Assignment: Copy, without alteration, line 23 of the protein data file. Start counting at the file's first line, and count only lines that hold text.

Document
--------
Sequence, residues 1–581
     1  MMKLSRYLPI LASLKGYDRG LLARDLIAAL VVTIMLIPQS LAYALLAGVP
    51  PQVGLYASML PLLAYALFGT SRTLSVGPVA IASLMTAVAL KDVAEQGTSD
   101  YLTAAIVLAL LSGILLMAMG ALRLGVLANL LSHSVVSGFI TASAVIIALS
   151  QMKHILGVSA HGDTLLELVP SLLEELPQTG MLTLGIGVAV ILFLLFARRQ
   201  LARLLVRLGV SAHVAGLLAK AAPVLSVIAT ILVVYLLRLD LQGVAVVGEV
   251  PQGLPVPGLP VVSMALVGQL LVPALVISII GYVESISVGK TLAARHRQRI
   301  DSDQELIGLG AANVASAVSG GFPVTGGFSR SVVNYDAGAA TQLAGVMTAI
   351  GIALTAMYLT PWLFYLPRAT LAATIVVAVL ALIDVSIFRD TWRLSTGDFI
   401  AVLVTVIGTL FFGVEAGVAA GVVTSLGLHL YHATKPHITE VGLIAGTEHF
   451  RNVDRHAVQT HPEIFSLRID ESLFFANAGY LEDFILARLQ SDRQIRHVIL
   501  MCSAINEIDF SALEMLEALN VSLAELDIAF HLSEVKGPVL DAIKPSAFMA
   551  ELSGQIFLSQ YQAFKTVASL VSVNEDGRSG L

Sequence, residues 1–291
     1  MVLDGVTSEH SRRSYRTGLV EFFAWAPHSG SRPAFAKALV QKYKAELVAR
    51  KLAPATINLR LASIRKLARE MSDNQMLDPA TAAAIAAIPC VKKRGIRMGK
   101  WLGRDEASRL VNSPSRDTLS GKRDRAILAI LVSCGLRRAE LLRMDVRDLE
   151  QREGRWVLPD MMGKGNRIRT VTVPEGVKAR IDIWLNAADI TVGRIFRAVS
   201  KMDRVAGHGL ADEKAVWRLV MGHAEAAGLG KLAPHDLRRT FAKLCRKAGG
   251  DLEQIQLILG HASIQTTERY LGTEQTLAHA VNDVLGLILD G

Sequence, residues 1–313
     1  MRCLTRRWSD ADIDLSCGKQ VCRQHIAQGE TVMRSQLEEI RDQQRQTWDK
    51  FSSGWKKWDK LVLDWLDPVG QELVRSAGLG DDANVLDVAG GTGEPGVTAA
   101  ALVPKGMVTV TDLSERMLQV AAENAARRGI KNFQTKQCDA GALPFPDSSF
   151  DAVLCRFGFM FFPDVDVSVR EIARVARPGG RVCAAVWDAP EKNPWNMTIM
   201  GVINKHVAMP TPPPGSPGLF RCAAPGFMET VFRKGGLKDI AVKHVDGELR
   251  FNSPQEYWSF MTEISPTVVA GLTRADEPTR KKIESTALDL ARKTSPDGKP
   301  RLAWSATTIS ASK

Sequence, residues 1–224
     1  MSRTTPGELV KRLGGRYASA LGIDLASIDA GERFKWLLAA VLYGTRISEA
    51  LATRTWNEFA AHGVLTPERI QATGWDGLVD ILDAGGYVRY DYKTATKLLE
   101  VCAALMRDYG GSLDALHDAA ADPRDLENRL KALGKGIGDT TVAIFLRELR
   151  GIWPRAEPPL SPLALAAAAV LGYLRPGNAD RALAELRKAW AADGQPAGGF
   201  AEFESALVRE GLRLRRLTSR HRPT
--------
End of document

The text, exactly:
    51  FSSGWKKWDK LVLDWLDPVG QELVRSAGLG DDANVLDVAG GTGEPGVTAA